Wednesday, November 21, 2012

Oh, public school. You can be a cruel, cruel beast.

Very rarely I have a day which causes me to think, "if submitting my resignation to Peace Corps didn't involve a 10-hour bus ride to the capital, I would quit right now."   Today was, as one of the musical-loves-of-my-life James Taylor would say, "a day that you can't explain."  It started off well with a trip to the health center, where all the nurses and nurses' aides were gearing up to go out "en brousse" (to the bush) for the annual, nationwide meningitis vaccination campaign.  I decided to follow the team led by the new head nurse, Brice.  Our territory was EPP (Ecole Primaire Publique - Public Primary School) Gansosso, where all my neighbor kids go to school.  I have only ever spent time in high schools here, so seeing where the younger kids (supposedly) learn was a little shocking.  The class sizes of fifty students typically found at the high school level could be considered a luxury.  I spent about two and half hours in a classroom of five and six year olds and one teacher.  Guess how many of them there were - I dare you.  One hundred and three.  In one classroom. So that alone was discouraging, but then we started the vaccination paperwork (no parental consent involved, apparently).  Each child received a little yellow card filled out by both Brice and myself.  An alarming number of the children didn't know their last names or their ages.  It's funny the first time a kid of about six claims to be twenty, but after that you start to wonder how they're ever going to learn in this environment. If your child has a learning disability, you might as well just pull him out of school.
Now, there's many things I like about Benin, but sadly today involved two things I really cannot stand: corporal punishment and what often seems like a total lack of compassion.  You can imagine if there are 103 children in one room, someone's likely not behaving.  As such, the schoolmaster is constantly ready with a rubber whip in hand.  Or, as he did today, he might just tell a kid to beat the offender for him (a cop out if I ever saw one).  Witnessing the latter proved to be my breaking point.  Whether or not I should have done this, I don't know, but I told the teacher to come outside with me and explained that while I'm in the classroom, he's not going to hit the kids.  Either that, or he takes them outside because it's violence, and I don't want to see it.  I probably was really out of line, but I've tried for a year and a half to understand the concept behind teaching with intimidation, and  The teacher/headmaster guy wasn't super offended, I don't think, and was kind of like, "Whatever.  She's here for two hours.  I suppose we'll oblige her."  What I see as a lack of compassion came into play once the nurses began vaccinating.  Public service announcement to the team of nurses today: some kids are afraid of needles.  It's okay.  It doesn't mean they're weak and deserved to be ridiculed or, worse yet, slapped.  I don't even like most kids, but I also don't think they deserve public shaming for something they can't really control..  I've witnessed thousands of babies receive their shots here in Benin; I guarantee vaccinations are not given with the gentleness American parents would expect for their children.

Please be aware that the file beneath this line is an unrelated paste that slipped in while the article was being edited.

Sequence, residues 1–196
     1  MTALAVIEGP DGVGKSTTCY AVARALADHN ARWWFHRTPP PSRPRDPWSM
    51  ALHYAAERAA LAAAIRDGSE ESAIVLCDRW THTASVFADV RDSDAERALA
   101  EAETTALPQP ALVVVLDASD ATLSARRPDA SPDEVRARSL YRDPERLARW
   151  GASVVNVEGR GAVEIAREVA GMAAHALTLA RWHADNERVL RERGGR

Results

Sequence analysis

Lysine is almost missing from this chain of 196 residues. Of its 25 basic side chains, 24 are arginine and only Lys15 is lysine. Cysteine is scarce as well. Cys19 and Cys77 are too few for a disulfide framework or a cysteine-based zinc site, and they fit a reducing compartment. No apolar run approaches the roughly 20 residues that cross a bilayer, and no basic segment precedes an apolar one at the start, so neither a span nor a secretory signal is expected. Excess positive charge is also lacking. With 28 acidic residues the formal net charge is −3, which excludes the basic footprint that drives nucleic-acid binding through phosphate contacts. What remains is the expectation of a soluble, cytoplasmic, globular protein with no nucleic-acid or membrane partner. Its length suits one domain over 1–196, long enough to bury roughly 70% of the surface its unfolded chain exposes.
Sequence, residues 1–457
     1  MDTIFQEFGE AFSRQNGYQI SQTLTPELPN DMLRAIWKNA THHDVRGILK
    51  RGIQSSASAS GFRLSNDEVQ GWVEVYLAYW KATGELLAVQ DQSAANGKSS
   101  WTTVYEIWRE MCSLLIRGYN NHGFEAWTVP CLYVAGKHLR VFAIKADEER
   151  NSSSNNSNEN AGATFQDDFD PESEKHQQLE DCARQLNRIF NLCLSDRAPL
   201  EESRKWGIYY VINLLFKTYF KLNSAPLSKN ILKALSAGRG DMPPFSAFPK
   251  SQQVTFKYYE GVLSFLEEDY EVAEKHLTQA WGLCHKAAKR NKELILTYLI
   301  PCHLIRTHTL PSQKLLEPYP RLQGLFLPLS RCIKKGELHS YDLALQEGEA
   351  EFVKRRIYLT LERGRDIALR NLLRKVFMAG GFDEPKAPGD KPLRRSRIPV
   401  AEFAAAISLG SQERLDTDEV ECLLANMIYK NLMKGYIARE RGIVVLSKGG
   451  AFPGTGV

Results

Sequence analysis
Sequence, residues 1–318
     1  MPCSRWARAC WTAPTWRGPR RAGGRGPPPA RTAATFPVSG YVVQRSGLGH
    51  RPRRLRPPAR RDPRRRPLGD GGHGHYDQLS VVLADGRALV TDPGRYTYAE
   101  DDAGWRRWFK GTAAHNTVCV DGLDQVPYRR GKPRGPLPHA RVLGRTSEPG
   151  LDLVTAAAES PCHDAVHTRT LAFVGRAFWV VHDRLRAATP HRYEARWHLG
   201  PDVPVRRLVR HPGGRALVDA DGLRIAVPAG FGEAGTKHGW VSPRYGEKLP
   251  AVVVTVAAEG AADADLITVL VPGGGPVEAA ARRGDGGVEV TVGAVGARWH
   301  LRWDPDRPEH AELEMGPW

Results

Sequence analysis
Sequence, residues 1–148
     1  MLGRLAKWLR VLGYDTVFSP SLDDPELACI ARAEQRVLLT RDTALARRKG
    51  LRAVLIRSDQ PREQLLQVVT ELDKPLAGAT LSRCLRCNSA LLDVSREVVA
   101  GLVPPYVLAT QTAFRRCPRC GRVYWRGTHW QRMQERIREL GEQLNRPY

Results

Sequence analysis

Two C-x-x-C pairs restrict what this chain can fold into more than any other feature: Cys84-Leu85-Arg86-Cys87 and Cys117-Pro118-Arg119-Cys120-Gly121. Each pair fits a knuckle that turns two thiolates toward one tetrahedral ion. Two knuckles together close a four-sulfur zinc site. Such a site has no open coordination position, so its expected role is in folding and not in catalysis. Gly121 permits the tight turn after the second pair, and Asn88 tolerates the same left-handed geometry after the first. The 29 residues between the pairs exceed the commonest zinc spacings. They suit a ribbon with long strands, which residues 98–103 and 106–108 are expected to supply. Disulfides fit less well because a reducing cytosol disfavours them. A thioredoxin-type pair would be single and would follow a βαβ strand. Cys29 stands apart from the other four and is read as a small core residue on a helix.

Following all this was a trip to the high school to pick up some paperwork.  I try to avoid that area when school lets out because it's also next to two primary schools.  This translates to hundreds of kids spotting me and screaming, "batoure" (white person).  If you've read this blog, or I've talked to you at all about being here, you know how much I hate being called this.  I know it's not usually meant maliciously, but seriously kids.  If I tell you DAILY to call me "madam" instead of "batoure," you could maybe oblige me once in the twenty-seven months I'm here.  I'll say it again, I know it's not  meant meanly, but imagine if every single time you left your house, the neighborhood kids screamed "white person" at you.  It can be maddening.  I've tried every single approach that have worked for other volunteers, but I'm beginning to think that people just don't care enough to change.  Womp womp.

On the way home I spotted in bushes a dog sitting perfectly still with a frighteningly solid stare at something  in front of him and......what looked like slobber on his mouth.  I really, really hope we don't have a rabid dog in the neighborhood.   Maybe he was just pondering what to have for dinner.  But rest assured that in any case, I've received all the rabies pre-exposure vaccinations, GENTLY given by our Peace Corps Medical Officer.

Tomorrow's a new day, thank God.

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